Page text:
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Old 02-02-2015, 03:12 AM
 
Location: NWA/SWMO
2,925 posts, read 2,805,657 times
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Quote:
Originally Posted by Montana Griz View Post
In approx 2 months I'll be 83 yr old & have killed a Kodiak (Grizzly) in the mountains on the east side of Kashouyak Bay on Kodaik Is. when I was 60 yr old, in a mid November snow storm on a very steep, heavily brushed & treed mountain side at 1380 feet elevation after a 4 four hour stalk ---from Sea Level!!!
The Video "linked" to Post #75 in this Thread is about a Handgun Hunt (for an Interior Grizzly) in the area of the Talkeetna Mts in Interior Ak on Stephan Lake. Owner & Master Guide Jim Bailey of Stephan Lake Lodge owns the "206" Float Plane shown. He also owns a very primative Bear Camp for Kodiaks......this is what I chose consisting of: (an all steel (bear proof) cooking, storage and eating shack, a separate rustic sleeping cabin for the hunter, & another sleeping cabin for Jim Bailey, his cook, an ass't Guide and a packer).
Bailey was my guide on my hunt. (He has approx 40 yrs experience hunting Grizzly & Brown Bears.) I chose the hunt for a Kodiak Bear vs an Interior Grizzly---Interior Griz are usually about 30 % smaller.
Having hunted big game for over 50 yrs I feel there are IMHO several factors that determine what type of firearm and caliber and bullet are the logical and safe and effective combination for a Grizzly or Kodiak Brown Bear (grizzly).

(NOTE:....Bailey was very pleased that I was using a Modified Mauser Controlled Feed Bolt Action in .375 H&H Mag handloaded with Nosler Partition 300gr bullets and a Leupold 1 1/2 to 6 scope (iron sights also on the rifle.) His rifle for back-up was also a .375 H&H. (NOTE: Controlled Feed means that you can have the rifle upside down, work the bolt to chamber a round and NOT have the cartridge fall out of the action.)

His requirements included for a Kodiak Bear hunt: A Seasoned hunter of Big Game; very familiar with using the chosen gun; a minimum of .338 caliber and MOST IMPORTANT, bullet construction that would allow sufficient penetration to 'Break-a-shoulder', or a "spine-shot" on the bear........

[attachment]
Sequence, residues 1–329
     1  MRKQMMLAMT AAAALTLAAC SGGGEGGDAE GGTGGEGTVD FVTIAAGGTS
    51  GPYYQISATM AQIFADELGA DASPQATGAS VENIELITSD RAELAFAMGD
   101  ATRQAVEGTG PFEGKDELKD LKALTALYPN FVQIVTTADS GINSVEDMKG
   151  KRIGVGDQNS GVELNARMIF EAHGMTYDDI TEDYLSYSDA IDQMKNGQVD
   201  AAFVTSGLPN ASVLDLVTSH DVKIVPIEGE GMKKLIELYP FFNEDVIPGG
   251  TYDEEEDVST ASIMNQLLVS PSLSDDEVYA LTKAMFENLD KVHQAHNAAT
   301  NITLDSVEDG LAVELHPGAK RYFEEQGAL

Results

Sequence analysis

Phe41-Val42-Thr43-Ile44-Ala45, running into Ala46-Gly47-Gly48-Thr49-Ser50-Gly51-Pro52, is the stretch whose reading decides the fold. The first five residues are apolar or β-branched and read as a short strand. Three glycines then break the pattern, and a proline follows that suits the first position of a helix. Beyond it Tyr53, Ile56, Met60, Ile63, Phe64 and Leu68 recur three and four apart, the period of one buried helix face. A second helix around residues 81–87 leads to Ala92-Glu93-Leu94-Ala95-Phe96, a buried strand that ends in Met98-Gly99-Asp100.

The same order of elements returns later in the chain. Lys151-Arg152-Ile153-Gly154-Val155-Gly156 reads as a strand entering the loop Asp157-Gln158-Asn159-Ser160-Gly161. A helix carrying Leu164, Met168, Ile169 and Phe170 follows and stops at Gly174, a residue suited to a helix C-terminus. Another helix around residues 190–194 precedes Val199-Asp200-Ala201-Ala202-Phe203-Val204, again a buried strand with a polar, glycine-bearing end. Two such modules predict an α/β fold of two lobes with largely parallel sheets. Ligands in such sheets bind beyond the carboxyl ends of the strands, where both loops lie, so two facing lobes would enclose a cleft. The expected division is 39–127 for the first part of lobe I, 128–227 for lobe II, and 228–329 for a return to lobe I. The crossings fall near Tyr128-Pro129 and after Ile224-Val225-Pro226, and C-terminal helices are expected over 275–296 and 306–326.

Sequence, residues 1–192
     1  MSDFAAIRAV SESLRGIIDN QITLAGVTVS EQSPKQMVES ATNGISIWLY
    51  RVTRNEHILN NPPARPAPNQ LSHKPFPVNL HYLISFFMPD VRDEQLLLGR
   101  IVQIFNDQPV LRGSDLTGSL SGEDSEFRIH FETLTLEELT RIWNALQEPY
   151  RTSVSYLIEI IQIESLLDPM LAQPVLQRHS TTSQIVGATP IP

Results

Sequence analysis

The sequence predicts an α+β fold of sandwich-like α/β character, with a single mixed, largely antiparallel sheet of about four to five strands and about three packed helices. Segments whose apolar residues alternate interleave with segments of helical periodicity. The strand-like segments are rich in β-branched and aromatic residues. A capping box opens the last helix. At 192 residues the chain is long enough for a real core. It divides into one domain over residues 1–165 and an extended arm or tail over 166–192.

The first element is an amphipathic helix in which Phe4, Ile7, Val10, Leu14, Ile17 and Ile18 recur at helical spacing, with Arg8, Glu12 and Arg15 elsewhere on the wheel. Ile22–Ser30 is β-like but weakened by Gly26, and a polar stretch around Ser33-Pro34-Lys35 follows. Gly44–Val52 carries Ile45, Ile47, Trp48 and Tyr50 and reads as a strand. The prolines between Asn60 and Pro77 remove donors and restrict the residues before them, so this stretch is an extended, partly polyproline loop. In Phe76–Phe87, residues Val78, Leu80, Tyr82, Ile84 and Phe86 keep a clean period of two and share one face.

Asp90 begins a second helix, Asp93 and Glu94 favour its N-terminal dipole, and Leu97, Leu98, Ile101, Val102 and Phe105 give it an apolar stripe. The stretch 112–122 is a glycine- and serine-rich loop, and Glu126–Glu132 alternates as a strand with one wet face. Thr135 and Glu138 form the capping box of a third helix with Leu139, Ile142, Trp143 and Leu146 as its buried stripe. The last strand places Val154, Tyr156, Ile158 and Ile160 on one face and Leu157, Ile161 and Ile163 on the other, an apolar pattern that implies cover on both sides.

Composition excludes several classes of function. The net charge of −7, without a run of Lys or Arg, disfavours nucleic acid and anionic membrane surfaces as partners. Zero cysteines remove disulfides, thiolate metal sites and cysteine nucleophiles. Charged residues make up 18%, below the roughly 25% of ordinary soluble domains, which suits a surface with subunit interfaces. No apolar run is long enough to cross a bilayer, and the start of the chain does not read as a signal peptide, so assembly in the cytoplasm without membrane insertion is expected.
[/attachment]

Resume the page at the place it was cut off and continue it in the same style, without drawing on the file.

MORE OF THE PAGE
We stalked a 9'3" BROWNIE that was totally interested in eating a Sitka Deer it had killed......at 40 yards it stood up (very angry) and I instantly took a shot for the Right-Shoulder............the bear went down instantly------but was right back up and charged. I fired twice more (one hit the spine, the other into the chest cavity-----it fell for good 25 yds away at 5:15pm----by 5 thirty we were in total darkness). We had started the day glassing at about 9am and we got back to camp at 11:P.M. !!!Finished taking pics & congrats about 6pm ....then started to skin the bear and when finished we had to "cache" it safely for the night up a tree so another bear or some animal wouldn't get to it. Also had to roll the skinned body at least 50 yards down the mountain side so as to keep animals interested in it and not the hide and head. The last hour and a half were spent slipping, sliding and falling down, the 1380 feet back down to sea level where the boat was to get us back to camp across the Bay.A few days later the F&G dept said it was a 9 yr old Boar & weighed about 900 pounds.....very fat from gourging on salmon and deer these last three months prior to hibernation in a few days.
More exciting that any deer, elk, Blk Bear, Moose, Caribou or wolf I've taken......Oh to be 30 years younger
I waited 4 years for my name to come to the top of the "Cancelled-Hunt List" that Bailey maintained......but it sure was worth it to get a Brown Bear hunt for Half Price. The Guy that couldn't keep his commitment had to forefit his 50% deposit.